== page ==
Dramatic exit: When the curtain falls

Dramatic exit

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It’s been a heavy week in financial news. If you’re feeling uncertain about what comes next, you’re not alone. We’ve gathered a few thoughts on the current state of the market, but an important takeaway is that making big swerves to your investment portfolio can have implications for years down the road. Stay calm and stick to your strategy ⁠— and know that we’re riding this out together.

The Editors

Update on the Silicon Valley Bank failure: Early this week, the government confirmed it would fully back depositors of Silicon Valley Bank beyond the initial $250,000 guaranteed amount. The money will come from the FDIC deposit insurance fund and will not use taxpayer funds.

Seeing the light: Did we turn our clocks ahead for the last time? A bill in the Senate proposes ending the practice of Daylight Saving Time.* Adding an extra hour of sunlight could have its benefits ⁠— studies find economic activity drops 3.5%* when clocks are turned back in the fall.

Another last call: Citing falling ticket sales* that have plagued many Broadway favorites since the onset of the pandemic, "The Phantom of the Opera" will close on April 16.* If you’re looking to book a last-minute trip before the show’s 35-year run ends, here are a few tips for traveling on a budget.

Mixed signals

There was already a lot of buzz around the U.S. jobs report, a key inflation indicator — and that was before it released on the same day as the largest bank failure since 2008.

With job growth exceeding expectations* (last month the U.S. added 311,000 jobs versus the predicted 205,000) and inflation continuing to rise* (the Consumer Price Index was up 6% in February), the Fed’s campaign to combat inflation just got more complicated.

Many point to rising rates as a key factor in the Silicon Valley Bank failure. As the government (in partnership with the Federal Reserve) works to prevent the crisis from spreading to other banks, there is debate on what the impact of another rate increase could be.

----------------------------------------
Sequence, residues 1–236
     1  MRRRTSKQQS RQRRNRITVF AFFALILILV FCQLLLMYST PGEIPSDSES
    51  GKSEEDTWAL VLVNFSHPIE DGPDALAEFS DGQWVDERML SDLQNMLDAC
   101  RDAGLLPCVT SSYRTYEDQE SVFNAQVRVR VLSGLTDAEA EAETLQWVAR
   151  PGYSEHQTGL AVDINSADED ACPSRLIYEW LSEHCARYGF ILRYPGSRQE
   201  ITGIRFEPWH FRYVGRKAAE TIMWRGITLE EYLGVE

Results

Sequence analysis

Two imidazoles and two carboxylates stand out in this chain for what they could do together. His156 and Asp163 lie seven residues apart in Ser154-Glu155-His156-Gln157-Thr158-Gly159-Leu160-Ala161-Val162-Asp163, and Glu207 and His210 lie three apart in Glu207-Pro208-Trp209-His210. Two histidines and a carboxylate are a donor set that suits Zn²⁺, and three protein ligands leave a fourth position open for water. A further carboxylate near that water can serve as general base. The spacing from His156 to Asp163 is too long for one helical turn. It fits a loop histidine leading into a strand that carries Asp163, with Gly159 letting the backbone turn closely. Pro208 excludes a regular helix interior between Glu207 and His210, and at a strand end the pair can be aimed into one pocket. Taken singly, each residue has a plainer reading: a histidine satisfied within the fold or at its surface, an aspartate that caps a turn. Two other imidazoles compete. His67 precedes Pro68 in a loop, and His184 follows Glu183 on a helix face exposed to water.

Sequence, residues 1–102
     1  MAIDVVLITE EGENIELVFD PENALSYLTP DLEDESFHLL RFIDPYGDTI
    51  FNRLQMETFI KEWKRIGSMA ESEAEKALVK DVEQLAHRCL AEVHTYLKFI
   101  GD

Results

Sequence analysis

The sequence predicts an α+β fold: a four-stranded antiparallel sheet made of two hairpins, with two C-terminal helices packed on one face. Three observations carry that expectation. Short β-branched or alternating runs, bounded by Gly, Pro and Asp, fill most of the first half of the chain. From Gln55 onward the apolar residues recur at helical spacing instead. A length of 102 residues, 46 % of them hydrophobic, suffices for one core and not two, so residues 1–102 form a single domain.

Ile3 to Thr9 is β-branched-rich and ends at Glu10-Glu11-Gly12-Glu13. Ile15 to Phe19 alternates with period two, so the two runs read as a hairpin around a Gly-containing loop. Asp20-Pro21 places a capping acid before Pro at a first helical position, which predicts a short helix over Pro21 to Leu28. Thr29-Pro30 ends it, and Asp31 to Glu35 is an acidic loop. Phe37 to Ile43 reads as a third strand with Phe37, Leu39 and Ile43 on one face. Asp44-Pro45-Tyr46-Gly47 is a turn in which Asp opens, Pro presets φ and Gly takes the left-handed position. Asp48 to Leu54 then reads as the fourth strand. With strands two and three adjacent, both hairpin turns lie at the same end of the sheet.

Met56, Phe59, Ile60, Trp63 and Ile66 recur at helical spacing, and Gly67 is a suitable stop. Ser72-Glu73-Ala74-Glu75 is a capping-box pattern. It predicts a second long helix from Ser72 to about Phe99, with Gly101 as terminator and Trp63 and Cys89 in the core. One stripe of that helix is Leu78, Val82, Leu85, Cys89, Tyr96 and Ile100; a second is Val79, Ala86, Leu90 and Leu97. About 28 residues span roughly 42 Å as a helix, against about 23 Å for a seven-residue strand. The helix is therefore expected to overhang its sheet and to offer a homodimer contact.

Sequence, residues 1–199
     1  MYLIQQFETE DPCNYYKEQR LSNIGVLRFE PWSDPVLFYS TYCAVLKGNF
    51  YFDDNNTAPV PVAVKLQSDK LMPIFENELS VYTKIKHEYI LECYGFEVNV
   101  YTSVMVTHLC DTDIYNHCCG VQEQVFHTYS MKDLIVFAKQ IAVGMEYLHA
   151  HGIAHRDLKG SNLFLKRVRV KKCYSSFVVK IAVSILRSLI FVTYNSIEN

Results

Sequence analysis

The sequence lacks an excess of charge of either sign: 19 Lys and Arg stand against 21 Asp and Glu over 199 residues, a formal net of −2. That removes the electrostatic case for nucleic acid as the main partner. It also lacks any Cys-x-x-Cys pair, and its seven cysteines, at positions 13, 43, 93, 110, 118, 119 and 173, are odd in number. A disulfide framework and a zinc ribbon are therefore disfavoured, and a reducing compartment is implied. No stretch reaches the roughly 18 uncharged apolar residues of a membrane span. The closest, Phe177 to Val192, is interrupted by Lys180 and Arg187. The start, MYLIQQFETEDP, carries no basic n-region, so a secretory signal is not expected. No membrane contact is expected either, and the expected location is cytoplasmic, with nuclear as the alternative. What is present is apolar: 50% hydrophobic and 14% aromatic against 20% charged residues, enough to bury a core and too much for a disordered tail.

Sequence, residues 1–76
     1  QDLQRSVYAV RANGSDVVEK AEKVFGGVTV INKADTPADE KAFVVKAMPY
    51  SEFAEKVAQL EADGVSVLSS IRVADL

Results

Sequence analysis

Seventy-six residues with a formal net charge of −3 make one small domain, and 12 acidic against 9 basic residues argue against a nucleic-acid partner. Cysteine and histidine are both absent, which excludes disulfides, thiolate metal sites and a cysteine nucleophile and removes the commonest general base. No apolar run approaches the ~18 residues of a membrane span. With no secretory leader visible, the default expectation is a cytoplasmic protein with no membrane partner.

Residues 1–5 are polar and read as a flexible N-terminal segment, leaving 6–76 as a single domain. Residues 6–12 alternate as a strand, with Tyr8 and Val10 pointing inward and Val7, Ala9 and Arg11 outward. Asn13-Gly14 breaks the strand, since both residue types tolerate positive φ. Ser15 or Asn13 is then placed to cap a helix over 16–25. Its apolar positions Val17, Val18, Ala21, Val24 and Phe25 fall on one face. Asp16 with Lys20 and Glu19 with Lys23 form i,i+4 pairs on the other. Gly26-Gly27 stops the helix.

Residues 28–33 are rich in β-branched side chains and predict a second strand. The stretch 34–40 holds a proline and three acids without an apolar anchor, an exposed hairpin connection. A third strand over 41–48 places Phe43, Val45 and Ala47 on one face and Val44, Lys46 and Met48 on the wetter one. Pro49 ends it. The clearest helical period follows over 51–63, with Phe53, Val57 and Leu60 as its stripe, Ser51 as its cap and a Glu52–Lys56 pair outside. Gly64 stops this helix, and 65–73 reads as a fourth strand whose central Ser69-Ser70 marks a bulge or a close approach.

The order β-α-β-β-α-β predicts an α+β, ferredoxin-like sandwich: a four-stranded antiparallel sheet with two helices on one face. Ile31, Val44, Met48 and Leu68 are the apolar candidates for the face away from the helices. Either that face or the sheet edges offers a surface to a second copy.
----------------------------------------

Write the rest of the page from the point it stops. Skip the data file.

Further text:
Market reaction outside of the banking industry so far has been mixed. Many investors are grabbing onto the idea that the Fed will be forced to stop or dramatically slow additional rate hikes to maintain calm, and perhaps start to cut rates sooner.

All eyes are on the upcoming Federal Reserve update, scheduled for next week.

The beauty counter is closed

Do we really need another anti-aging cream? (Brad Pitt* — looking at you). In 2021, 20 celebrities ranging from pro athletes (Naomi Osaka) to musicians (Harry Styles) released a beauty brand. While some may be aiming to replicate Rihanna’s success — her beauty line Fenty is valued at $2.8 billion — others, according to Bloomberg ,* may simply be trying to get popular enough to reach an acquisition. Kylie Cosmetics has come closest: multinational beauty corporation Coty paid $600* million for a majority stake in 2019.

As John Legend prepares to launch his line with CVS, he may want to take note of the growing fatigue of celebrity brands — especially among younger generations. Some 66% of Gen Zers* make purchasing decisions based on their friends’ recommendations vs. 19% who said they would be influenced based on a celebrity endorsement.

If you must — skincare appears to be the way to go. In 2022 Estee Lauder reported* twice as much revenue from skincare than its makeup lines: That’s $10 billion vs $5 billion in makeup money.

Not sure if you want to work for Elon Musk? What if he offered you a pool?

Elon Musk is reportedly making plans for what the Wall Street Journal calls a “Texas Utopia along the Colorado River.”*

Musk has purchased 3,500 acres of land about 35 miles outside of Austin, Texas near facilities of SpaceX and The Boring Company (a tunneling company owned by Musk). The land already includes a pool, gym, and several modular homes. If all goes to plan, the community will eventually offer 110 homes to employees at below-market rent ($800 according to Business Insider).*

If this has you dreaming of the Lone Star State, check out this list of Best States to Retire.*

 

As of March 16, 2023 PCAC and EAG hold shares of CVS in advisory client accounts and do not hold SIVB, LVMUY, or COTY. 

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